Book reviews are a great way for self-publishing authors to gain exposure. After all, how can someone buy your book if he or she doesn’t know it exists? Paired with other elements of your book promotion strategy, requesting reviews is a great way to get people talking about what you’ve written.
When we read good reviews, we definitely like to share them. It gives the author a few (permanent) moments of fame and allows us to let the community know about a great book. Here’s this month’s featured book review:
Rise of the Gig Leaders:
Why Interim Leaders Are Vital In Today’s Organizations
by Neil Grant
Interim leaders are becoming essential change agents for organizations in today’s gig economy. To propel their companies forward, human resource professionals, change management specialists, project managers, and all business executives must understand and make use of this changing talent economy. Neil Grant’s Rise of the Gig Leaders: Why Interim Leaders Are Vital in Today’s Organizations provides this understanding.
Grant, himself an interim leader for almost two decades, provides a detailed analysis of the DNA of interim leaders–what defines them and how they add value. Rise of the Gig Leaders is rich in case studies, testimonials, and examples of how interim leadership has made a difference in many organizations. With this knowledge, business leaders and prospective interim leaders will have confidence choosing this as a viable leadership strategy.
* courtesy of Amazon.com
An expert examines the role of interim leaders as an important part of business strategy.
In this debut book, Grant draws on both research and case studies based on his own professional experience working with a variety of companies to make the case for the value of interim executives, or “gig leaders.” The author distinguishes between these interims and acting or consultant executives, seeing the former as high-level workers with specific skills who are hired under short-term contracts to accomplish certain corporate goals, a highly paid professional tier of the broader gig economy. The volume guides readers through evaluating the need for interims using Grant’s copyrighted SCILL model, which describes the five “attributes” of these executives (Savvy, Critical, Impact, Leadership, Legacy). And the author shows how to assess those leaders through GREAT (Gravitas, Resilience, Engagement, Attitude, Transformational) competencies. While the book largely discusses these roles in general terms (“An interim makes the most impact, however, when intentionally hired to deliver specific results that require a leader with experience and dynamism”), case studies offer more concrete examples of the positive use of interims, from refreshing a company’s technology infrastructure to implementing turnaround plans without the complications of long-term employee politics. Grant is clearly experienced and knowledgeable and makes a compelling argument in favor of employing this short-term workforce to execute clearly defined goals. The title’s intended audience is corporate decision-makers who will hire interim leaders. Although readers looking to follow this career path will read glowing descriptions of interims (“An interim has battle scars from crisis management and like a first-responder in a disaster zone, is objective, decisive, and has emotional stability shaped from years of being in the front line”), they will not find guidance on pursuing this road. But for its target audience, the volume is a useful tool for appraising the need for interims and establishing a framework for their success. Although recent research suggests that gig employment is less widespread than previously thought, the author presents a context in which it can be fruitful for both employers and employees.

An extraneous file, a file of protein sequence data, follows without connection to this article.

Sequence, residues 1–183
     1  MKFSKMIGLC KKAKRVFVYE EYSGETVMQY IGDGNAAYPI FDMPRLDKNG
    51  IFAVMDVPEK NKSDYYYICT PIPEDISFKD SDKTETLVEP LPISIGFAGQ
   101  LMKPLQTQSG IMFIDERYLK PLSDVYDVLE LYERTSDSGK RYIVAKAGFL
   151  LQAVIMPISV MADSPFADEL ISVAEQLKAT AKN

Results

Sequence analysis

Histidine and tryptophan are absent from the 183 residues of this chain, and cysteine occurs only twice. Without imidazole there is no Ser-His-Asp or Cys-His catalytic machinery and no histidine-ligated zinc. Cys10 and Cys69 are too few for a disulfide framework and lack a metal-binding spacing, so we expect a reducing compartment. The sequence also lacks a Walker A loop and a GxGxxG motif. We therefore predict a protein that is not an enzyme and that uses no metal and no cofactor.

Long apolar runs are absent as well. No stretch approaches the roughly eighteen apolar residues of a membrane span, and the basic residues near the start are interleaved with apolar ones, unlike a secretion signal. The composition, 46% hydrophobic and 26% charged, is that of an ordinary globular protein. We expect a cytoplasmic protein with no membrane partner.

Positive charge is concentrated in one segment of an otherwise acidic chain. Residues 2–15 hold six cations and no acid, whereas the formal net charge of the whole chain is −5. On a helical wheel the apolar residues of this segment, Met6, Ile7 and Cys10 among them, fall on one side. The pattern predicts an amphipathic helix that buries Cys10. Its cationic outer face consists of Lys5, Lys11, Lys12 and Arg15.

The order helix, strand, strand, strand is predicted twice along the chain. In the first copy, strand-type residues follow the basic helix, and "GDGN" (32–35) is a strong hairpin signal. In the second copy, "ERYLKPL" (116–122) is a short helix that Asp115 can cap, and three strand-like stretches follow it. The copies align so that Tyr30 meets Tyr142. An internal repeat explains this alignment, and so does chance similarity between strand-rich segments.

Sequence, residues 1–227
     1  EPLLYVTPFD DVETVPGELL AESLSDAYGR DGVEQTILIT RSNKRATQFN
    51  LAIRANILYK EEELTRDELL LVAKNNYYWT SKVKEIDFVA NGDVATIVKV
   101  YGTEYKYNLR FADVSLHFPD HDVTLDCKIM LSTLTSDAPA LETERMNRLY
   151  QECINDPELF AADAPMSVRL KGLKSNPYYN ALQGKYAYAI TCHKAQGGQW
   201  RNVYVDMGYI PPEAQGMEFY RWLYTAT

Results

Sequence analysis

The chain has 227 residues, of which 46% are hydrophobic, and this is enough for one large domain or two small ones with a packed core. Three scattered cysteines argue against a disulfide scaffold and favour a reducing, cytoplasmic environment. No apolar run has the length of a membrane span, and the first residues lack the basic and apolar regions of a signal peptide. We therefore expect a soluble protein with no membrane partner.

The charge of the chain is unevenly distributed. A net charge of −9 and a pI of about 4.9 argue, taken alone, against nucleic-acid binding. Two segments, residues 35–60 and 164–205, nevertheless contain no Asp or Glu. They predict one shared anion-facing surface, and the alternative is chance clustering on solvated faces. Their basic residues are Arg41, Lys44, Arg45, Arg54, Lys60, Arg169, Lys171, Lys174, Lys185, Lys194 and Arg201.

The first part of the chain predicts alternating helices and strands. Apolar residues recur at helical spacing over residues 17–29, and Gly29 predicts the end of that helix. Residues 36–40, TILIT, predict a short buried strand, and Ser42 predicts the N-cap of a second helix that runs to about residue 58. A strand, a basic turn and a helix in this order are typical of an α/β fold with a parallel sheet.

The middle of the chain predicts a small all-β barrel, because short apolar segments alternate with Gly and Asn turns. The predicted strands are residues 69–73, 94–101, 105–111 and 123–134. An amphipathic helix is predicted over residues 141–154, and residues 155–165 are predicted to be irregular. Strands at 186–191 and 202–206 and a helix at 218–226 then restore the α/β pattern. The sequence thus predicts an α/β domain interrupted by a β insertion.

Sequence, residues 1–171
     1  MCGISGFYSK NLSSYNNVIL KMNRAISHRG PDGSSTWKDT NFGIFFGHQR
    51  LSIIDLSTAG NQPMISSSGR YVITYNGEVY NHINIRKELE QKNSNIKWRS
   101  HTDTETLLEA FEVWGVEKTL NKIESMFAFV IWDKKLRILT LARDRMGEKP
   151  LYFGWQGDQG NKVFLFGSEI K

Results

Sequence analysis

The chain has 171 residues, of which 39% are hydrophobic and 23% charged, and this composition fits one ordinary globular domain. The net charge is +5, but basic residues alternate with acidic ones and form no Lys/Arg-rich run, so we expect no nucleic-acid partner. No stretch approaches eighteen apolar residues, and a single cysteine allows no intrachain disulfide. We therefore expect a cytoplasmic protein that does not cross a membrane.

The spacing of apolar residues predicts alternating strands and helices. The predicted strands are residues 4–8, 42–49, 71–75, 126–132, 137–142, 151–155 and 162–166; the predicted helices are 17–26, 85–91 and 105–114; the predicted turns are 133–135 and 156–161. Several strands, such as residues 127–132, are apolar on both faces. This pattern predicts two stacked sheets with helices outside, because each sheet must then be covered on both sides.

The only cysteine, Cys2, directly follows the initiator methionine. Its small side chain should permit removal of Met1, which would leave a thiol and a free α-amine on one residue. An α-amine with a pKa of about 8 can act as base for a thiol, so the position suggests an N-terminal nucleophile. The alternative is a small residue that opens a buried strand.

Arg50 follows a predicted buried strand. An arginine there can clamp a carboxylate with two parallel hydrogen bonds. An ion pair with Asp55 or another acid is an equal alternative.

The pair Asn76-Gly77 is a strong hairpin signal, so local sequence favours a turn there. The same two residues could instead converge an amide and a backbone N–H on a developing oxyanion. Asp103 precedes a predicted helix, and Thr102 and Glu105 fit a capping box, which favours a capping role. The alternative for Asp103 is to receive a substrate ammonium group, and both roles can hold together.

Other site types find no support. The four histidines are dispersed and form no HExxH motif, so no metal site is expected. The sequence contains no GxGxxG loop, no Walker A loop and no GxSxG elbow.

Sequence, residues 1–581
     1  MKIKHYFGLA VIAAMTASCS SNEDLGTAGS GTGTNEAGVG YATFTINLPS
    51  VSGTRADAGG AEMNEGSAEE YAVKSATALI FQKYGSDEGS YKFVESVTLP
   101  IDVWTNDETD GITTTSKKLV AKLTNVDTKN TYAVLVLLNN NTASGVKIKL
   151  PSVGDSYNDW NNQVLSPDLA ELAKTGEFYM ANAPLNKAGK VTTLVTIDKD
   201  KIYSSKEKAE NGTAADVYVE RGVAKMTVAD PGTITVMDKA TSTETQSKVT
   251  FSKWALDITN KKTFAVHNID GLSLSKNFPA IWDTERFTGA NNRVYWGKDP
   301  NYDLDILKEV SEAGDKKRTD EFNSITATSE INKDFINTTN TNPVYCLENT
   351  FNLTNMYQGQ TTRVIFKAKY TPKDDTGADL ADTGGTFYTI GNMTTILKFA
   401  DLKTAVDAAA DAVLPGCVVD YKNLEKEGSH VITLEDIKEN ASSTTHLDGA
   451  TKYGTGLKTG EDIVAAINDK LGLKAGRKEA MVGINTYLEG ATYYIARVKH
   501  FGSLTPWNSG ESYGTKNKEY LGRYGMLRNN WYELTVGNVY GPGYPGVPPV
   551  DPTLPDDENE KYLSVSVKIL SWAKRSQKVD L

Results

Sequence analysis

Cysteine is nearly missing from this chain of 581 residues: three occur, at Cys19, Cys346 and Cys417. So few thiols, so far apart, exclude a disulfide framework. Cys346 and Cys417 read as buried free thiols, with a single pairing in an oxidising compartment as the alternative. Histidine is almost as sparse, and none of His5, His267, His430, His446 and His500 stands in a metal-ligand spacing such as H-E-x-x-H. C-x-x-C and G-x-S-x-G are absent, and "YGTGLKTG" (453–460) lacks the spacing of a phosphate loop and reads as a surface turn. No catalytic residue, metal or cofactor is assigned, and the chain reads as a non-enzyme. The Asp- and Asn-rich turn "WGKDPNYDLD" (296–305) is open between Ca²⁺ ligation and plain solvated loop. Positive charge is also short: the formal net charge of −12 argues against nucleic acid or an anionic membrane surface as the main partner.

A thorough and coherent discussion of how companies can make effective use of interim executives as part of the broader gig economy.
Starts at the beginning and outlines everything everyone needs to know.Neil tackles the concept of an interim leader from the beginning and explains why it’s necessary in today’s corporate climate. Showing the value to corporations as well as executives, he covers all the topics that both parties need to know in implementing this approach to leadership. The book is easy to read, diligently researched, and leaves the reader fully aware of their next steps in this area. Executives and companies should read this book to understand where the future of leadership is heading and how they can fully utilize this model.
A new shift in the business leadership model.Grant brings a wealth of international experience to bear on an outline for a concise, step by step approach of the selection process for interim leaders and why this will be a profitable exercise for both businesses and Gig Leaders. Based on the SCILL assessment tool, Neil Grant demonstrates how Gig Leaders can be successful in helping business move away from the traditional employment paradigm into the new world of end- product development.